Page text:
We actually welcomed the rain yesterday. We’ve been running hard for a week, and we were ready for a bit of downtime.
We awoke to a gray day. It had rained Sunday night as the heat wave seemed to have broken in Maine, and the air was noticeably dryer.
Monday morning was dedicated to reading, writing, and listening to the Sergio Mendes channel on Pandora.
The only thing on the agenda was watching a movie after lunch. We skipped breakfast and headed out for lunch just as the rain returned around 11:30.
Peter had been talking about finding the perfect French Fry, so I did a little research and discovered a little restaurant about half a mile away.
As soon as I clicked on their website, I knew I’d discovered the Holy Grail of La Frites!
We walked down Commercial, up Franklin, and as soon as we turned on to Middle Street, we saw the crowd standing in front of Duckfat at 11:45 AM on a rainy Monday.
Peter volunteered to check out the wait and, much to our delight, he flashed us fifteen minutes. It turned out to be less than ten before we were seated inside the tiny restaurant.
I sipped my local draft IPA and listened to the manager tell us the Duckfat story.
Rob and Nancy Pugh created Duckfat. Rob was the chef at Hugo’s, where he won a James Beard award for his cooking. In 2003 they were vacationing in Belgium to celebrate Rob’s 40th birthday and happened upon a Frites window serving up hot and crispy Belgium French Fries.
They instantly conceived Duckfat and opened the Middle Street restaurant seventeen years ago.
There’s clearly a lot of process going into their fries, but there is also a lot of care for the ingredients.
Their menu also features milkshakes and paninis, so that’s where we went. Mrs. Horne started with a strawberry milkshake.
Then came La Frites Grande!
The large was $10.00, and we added a flight of dipping sauces for another $2.50. We enjoyed:
- TRUFFLE KETCHUP
- THAI CHILI MAYO
- GARLIC MAYO
- HORSERADISH MAYO
- CURRY CREAM SAUCE
They were all excellent, but my favorite was the Curry Cream, which was the special for the day.
Mrs. Horne ordered the Duckfat Wedge, featuring smoked duck breast, Great Hill blue cheese dressing, tart cherries, and duck fat bread crumbs. It also comes with Cherry Tomatoes, but they disagree with Mrs. Horne.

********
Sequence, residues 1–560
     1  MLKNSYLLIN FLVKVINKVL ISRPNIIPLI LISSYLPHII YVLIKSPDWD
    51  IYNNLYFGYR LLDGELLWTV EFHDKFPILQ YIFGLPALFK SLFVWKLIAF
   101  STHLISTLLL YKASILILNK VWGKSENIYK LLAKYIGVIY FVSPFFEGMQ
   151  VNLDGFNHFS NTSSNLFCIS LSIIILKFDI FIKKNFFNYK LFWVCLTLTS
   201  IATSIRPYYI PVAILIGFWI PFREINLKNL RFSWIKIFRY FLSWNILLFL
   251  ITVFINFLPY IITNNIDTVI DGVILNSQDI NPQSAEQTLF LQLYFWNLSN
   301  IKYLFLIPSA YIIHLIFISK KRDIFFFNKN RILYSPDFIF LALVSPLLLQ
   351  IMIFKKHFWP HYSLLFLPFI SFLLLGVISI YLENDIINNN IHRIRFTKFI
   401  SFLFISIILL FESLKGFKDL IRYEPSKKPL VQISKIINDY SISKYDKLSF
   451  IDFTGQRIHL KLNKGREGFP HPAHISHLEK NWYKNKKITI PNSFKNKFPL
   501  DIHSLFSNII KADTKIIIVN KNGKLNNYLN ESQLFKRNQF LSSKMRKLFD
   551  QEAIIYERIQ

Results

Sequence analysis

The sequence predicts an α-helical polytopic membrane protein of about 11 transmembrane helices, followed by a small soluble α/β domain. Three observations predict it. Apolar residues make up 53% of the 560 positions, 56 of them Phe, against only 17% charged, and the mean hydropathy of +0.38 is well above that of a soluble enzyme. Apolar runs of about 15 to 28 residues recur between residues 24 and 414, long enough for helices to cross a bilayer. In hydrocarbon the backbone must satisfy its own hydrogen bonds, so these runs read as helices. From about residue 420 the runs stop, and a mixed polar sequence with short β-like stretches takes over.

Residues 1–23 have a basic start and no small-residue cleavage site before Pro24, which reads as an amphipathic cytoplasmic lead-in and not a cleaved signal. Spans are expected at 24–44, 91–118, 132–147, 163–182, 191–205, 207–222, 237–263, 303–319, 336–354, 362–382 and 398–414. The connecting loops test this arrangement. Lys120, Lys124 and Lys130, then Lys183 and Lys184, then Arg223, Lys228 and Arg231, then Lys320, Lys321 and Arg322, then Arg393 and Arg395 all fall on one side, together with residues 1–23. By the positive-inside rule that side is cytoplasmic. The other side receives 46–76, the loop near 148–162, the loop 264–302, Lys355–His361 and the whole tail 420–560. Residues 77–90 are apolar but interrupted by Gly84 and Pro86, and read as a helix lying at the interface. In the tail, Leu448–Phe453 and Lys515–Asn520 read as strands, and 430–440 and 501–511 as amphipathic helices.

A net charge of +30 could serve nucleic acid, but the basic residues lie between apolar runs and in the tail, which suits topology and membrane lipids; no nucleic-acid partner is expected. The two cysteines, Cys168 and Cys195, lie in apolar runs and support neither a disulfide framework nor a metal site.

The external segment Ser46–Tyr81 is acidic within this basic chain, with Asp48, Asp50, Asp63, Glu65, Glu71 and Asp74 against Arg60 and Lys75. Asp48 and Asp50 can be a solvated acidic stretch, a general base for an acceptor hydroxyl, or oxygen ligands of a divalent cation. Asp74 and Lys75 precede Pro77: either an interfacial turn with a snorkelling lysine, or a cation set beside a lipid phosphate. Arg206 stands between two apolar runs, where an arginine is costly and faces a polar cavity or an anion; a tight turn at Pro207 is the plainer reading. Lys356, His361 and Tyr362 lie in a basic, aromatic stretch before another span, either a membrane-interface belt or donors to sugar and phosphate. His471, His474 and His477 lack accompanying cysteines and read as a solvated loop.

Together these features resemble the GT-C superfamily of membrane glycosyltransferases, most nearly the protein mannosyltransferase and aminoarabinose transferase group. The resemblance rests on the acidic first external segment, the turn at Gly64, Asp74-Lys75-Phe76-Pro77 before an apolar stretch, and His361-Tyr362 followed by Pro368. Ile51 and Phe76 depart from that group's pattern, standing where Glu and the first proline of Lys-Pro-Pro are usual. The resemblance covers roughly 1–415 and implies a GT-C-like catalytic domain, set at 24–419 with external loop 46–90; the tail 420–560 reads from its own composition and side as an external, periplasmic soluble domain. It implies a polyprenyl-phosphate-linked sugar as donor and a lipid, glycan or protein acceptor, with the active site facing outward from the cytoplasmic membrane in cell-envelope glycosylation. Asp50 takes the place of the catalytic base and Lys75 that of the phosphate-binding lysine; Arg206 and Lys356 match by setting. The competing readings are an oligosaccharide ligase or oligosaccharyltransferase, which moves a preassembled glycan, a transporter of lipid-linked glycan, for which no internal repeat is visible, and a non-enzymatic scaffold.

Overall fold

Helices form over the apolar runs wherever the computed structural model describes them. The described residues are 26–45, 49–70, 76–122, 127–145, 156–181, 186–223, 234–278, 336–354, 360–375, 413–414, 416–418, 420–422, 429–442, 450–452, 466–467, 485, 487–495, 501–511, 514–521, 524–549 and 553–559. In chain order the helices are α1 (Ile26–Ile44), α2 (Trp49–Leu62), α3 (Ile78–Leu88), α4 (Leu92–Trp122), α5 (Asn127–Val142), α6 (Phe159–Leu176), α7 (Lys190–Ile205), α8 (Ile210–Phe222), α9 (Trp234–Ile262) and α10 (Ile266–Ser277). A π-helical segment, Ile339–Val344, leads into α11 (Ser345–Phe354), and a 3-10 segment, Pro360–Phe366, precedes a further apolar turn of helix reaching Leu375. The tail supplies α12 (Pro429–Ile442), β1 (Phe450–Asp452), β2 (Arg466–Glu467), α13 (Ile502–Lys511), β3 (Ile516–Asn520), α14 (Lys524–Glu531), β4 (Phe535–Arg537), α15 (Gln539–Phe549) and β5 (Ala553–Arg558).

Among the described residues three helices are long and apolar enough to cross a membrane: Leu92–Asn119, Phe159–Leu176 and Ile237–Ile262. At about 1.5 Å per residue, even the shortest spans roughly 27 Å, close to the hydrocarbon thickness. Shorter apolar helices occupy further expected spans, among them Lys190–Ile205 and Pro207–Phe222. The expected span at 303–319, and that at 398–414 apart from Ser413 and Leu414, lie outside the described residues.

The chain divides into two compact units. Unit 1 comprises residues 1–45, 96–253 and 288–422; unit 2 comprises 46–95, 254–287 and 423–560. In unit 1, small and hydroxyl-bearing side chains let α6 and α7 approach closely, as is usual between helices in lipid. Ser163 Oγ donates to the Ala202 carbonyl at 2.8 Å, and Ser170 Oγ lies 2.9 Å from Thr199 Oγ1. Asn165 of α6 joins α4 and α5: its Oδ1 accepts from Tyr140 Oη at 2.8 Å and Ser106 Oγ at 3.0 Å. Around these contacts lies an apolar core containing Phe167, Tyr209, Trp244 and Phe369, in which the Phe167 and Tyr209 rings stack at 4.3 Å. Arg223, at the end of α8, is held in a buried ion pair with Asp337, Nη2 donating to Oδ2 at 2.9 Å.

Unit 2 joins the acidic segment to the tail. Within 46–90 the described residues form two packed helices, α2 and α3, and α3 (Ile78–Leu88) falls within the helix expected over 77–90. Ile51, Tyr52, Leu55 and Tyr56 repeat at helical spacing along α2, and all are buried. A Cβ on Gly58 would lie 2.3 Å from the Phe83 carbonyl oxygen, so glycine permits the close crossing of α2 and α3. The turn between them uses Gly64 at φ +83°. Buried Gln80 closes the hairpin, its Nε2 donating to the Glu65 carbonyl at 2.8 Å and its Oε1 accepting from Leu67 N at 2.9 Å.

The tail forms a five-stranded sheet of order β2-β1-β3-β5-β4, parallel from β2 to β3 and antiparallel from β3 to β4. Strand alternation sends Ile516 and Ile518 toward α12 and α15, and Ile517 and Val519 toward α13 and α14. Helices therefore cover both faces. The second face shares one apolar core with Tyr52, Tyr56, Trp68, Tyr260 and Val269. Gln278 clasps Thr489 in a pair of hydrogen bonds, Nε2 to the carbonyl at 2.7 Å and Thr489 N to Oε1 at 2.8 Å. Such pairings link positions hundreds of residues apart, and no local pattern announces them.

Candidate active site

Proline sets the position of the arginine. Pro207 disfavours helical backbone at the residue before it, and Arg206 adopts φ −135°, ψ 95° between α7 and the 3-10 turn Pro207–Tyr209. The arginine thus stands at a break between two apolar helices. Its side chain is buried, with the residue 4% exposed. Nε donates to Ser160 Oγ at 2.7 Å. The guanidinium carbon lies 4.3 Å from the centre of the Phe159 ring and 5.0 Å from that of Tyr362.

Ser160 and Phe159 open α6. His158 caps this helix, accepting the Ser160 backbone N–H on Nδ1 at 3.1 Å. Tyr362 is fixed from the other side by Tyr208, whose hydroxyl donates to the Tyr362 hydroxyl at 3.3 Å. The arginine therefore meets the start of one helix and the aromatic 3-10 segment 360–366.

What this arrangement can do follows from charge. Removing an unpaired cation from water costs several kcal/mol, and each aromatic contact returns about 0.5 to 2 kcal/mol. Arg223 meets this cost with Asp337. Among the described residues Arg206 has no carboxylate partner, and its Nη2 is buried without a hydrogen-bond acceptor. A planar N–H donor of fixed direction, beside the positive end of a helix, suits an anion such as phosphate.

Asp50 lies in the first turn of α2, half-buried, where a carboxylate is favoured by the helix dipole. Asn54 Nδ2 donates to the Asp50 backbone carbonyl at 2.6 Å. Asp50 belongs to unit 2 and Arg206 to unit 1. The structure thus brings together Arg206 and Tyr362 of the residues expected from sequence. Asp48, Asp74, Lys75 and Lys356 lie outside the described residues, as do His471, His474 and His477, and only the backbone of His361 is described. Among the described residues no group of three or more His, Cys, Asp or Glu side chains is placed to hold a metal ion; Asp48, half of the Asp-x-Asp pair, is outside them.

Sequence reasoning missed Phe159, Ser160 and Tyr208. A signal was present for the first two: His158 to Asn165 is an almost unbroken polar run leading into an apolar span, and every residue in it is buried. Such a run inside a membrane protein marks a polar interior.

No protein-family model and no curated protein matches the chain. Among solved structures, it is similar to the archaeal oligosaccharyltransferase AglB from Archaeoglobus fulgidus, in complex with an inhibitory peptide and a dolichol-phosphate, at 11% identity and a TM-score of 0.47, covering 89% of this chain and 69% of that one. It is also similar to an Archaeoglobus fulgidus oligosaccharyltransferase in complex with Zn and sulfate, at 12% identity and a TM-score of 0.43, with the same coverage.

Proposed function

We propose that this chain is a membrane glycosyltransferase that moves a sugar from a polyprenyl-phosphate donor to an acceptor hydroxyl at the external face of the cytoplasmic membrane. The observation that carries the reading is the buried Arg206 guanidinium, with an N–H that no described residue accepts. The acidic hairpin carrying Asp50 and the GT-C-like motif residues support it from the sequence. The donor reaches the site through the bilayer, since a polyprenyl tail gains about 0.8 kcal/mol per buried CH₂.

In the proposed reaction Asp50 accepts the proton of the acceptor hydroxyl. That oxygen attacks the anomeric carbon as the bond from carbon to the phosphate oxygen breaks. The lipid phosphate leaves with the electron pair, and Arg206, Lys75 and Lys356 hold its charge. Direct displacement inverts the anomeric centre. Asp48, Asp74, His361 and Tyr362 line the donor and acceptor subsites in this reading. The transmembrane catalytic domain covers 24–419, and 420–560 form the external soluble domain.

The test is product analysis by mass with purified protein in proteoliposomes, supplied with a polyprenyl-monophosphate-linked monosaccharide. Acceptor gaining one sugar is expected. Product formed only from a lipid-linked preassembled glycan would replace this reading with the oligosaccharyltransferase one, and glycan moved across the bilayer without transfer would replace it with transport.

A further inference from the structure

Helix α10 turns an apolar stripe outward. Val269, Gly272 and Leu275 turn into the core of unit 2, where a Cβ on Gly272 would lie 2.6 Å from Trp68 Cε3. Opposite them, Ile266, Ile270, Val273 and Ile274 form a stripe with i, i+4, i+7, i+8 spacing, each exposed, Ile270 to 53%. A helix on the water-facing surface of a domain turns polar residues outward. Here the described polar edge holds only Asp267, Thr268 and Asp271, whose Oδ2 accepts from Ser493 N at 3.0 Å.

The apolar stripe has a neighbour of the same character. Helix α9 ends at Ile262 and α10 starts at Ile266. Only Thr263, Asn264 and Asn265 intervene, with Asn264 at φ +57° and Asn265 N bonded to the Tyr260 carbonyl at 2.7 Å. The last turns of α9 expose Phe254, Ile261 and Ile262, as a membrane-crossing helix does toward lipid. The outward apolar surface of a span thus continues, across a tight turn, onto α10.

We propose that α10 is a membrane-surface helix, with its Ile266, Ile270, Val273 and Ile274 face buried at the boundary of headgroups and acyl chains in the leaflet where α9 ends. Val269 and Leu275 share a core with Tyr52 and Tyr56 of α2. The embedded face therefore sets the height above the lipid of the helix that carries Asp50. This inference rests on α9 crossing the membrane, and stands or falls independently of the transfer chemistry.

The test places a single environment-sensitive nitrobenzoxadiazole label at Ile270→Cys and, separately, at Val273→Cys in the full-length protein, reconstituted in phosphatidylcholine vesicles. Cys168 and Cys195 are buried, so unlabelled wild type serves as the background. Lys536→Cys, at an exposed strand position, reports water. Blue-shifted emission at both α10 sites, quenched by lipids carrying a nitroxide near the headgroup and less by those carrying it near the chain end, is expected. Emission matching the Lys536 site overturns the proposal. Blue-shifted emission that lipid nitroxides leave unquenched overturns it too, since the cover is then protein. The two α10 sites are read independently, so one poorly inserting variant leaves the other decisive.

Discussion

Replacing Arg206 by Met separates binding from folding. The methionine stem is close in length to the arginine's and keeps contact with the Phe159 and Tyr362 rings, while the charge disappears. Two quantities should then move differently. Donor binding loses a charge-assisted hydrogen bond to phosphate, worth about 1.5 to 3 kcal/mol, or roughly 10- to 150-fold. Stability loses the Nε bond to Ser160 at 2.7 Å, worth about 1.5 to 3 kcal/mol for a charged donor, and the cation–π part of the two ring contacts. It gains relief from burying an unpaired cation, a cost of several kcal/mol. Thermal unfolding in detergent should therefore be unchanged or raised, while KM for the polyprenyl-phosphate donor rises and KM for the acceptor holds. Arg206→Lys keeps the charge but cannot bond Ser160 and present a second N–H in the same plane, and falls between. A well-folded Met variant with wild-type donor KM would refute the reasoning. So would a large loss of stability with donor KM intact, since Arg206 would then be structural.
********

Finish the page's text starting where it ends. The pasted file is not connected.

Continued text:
Peter went with the House Smoked Turkey, featuring buttermilk fried shallots, Swiss cheese, crunchy lettuce, and preserved lemon mayo.
These are hearty sandwiches, and we easily could have split one.
I also tried a panini; mine was the Duckfat Banh Mi – consisting of duck confit, pate, pickled vegetables, cilantro, and mint
We spoke to our server about the crowd. She said there’s always a line when they open, and every seat is taken by 11:05. I think we got there just as the 11:00 crowd was finishing up – hence the ten-minute wait.
As I was leaving around 12:45, I heard the host quote a one-hour wait.
Relentless has OceanAir blinds everywhere except the windshield. We have an outside cover for the windshield, and since our slip faced south, we put it on Saturday afternoon, and when movie time came around, it enabled us to convert Relentless’s salon into a media room.
We were getting lousy WiFi at Dimillo’s, and even the 5G was spotty, so we ended up with a limited movie selection. I keep about 15 classic movies on the DirectTV DVR for times like this.
I toyed with one of my Mission Impossibles, or The Hunger Games Trilogy, but ended up selecting Guardian.
Not only is it an excellent movie full of action, emotion, and even romance, but since it’s about Coast Guard Rescue Swimmers, it’s a perfect movie to watch sitting on a boat in a storm.
Speaking of the storm, Portland dodged the bullet. After the movie, we went up to the Flybridge, and I put on the Satellite Weather Screen as we watched scary clouds all around us.